A Review of Paediatric Malaria in University of Port Harcourt Teaching Hospital: 2006-2011

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A. T. O. Awopeju
L. E. Yaguo-Ide


Aim: To determine the pattern and prevalence of malaria in children attending the University of Port Harcourt Teaching Hospital.

Study Design: Retrospective review.

Place and Duration of Study: University of Port Harcourt Teaching Hospital, 2006-2011.

Methodology: Demographic information and results of laboratory investigations of 27088 patients were retrieved from the laboratory register of the Department of Medical Microbiology and Parasitology.

Results: The results showed that 70.84% of the patients had malaria and 29.16% did not have malaria. Of the 19190 patients that had malaria, 10768 (56.11%) were male, 8422 (43.89%) were female. The occurrence of malaria between both sexes was significantly different (X2 = 14.60; p =0.0001). Among the patients, malaria was significantly higher (X2 = 27.86; p < 0.0001) in patients < 5 years (75.56), followed by patients between 5 – 10 years (17.03%) and patients between 10 – 16 years (7.32%). Severe malaria was found in 654 (3.41%) of the patients, which consisted of 380 (58.10%) male and 274 (41.90%) female patients. Severe malaria was also significantly higher (X2 = 111.47; p < 0.0001) in patients under 5 years (70.80%). The occurrence of malaria ranged from 69.15% to 73.93% between May and August (period of heavy rain). A decline in malaria prevalence from 72.38% to 59.17% was observed from 2008 to 2011.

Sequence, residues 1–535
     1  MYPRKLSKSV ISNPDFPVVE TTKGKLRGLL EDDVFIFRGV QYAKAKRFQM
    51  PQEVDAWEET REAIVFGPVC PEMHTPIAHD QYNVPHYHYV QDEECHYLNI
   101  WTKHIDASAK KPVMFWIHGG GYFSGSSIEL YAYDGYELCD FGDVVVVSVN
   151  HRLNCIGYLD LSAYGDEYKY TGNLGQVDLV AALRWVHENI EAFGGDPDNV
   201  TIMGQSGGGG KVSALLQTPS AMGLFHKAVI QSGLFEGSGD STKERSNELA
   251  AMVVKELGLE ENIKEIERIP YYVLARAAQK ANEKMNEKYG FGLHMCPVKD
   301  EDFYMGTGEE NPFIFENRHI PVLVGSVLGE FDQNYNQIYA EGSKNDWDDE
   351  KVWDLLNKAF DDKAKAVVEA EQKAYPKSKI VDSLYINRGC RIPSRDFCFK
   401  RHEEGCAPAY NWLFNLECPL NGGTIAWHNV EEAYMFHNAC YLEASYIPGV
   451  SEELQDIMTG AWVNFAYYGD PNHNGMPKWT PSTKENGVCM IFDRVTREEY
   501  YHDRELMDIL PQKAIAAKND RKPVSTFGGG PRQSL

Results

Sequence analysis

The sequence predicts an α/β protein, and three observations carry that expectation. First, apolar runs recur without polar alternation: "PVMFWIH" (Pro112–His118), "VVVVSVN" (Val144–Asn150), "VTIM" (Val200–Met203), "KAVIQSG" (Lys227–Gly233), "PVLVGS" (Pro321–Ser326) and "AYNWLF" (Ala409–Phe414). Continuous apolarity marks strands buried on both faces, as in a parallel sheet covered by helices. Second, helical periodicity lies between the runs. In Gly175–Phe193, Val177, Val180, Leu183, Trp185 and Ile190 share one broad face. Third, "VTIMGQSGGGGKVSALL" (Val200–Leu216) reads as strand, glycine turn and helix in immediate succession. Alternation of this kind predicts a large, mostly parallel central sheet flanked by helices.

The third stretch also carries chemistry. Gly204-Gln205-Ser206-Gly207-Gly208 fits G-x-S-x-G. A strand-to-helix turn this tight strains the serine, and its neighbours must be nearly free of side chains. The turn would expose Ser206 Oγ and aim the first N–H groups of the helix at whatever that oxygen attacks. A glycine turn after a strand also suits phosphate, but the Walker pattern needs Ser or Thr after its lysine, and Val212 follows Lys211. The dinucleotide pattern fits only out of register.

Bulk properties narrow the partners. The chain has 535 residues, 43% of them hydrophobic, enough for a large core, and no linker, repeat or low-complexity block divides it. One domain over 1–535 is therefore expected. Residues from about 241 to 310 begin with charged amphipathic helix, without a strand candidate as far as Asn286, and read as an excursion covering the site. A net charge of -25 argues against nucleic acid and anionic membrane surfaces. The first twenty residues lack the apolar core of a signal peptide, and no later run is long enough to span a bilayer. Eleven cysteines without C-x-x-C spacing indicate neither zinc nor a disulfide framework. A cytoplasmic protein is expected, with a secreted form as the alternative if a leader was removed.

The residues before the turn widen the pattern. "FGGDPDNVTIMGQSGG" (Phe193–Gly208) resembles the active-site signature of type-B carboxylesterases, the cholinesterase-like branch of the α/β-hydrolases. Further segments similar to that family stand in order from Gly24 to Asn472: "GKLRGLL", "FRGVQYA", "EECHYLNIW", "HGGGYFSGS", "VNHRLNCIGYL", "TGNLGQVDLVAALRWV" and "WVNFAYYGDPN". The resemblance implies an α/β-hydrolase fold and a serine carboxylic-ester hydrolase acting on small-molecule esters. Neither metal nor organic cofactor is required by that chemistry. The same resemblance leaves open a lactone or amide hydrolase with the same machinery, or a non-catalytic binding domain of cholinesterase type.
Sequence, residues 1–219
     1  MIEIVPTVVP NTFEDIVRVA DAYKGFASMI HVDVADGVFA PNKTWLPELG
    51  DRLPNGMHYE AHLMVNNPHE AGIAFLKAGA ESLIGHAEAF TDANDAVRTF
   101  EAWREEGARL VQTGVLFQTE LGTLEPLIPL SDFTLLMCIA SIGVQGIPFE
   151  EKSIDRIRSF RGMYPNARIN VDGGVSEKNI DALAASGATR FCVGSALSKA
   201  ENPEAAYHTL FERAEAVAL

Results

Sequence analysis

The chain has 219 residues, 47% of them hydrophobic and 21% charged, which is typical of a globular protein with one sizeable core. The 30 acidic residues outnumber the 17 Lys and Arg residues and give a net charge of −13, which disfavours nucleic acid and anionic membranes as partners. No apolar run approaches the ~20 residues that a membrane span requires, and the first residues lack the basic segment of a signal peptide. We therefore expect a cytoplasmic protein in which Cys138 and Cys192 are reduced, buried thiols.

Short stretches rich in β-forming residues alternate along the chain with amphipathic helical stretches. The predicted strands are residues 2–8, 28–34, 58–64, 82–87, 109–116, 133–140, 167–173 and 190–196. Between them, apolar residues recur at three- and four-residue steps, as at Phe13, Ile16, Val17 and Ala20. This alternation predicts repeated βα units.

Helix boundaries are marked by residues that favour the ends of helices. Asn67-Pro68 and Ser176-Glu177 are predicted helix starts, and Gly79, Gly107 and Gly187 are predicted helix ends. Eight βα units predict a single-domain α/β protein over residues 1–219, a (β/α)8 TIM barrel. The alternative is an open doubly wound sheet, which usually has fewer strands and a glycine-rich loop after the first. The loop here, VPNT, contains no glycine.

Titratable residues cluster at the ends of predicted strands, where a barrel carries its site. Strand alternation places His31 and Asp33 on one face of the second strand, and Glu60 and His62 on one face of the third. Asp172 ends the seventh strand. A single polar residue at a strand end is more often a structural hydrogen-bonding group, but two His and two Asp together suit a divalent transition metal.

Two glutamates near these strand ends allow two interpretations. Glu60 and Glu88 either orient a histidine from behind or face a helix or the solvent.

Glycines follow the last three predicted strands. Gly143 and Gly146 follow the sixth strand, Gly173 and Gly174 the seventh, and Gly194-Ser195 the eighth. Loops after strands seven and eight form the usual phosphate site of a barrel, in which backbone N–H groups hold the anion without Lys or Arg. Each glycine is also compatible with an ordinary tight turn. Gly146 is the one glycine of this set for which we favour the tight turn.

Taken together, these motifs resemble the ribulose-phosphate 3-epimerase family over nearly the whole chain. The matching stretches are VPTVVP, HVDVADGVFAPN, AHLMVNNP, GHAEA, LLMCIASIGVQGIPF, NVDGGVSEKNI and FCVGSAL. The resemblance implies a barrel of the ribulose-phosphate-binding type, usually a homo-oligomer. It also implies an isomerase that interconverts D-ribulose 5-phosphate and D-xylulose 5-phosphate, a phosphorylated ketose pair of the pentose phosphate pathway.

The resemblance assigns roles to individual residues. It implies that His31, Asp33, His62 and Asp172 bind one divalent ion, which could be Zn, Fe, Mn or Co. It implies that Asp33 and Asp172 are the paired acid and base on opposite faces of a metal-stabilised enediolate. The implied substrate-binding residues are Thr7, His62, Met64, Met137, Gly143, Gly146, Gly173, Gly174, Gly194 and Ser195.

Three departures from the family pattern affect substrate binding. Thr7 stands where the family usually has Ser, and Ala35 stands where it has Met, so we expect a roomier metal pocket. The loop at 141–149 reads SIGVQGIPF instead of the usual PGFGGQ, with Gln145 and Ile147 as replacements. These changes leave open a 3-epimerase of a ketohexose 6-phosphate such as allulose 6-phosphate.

Conclusion: The study showed a significant prevalence of severe malaria among children <5 years. It is recommended that the intermittent preventive treatment should be intensified among children in malaria endemic area to reduce prevalence and improve the quality of life of the children.

Malaria, neonates, paediatric, parasitemia, Port Harcourt.

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How to Cite
Awopeju, A. T. O., & Yaguo-Ide, L. E. (2017). A Review of Paediatric Malaria in University of Port Harcourt Teaching Hospital: 2006-2011. Journal of Advances in Medicine and Medical Research, 24(1), 1-7. https://doi.org/10.9734/JAMMR/2017/33952
Original Research Article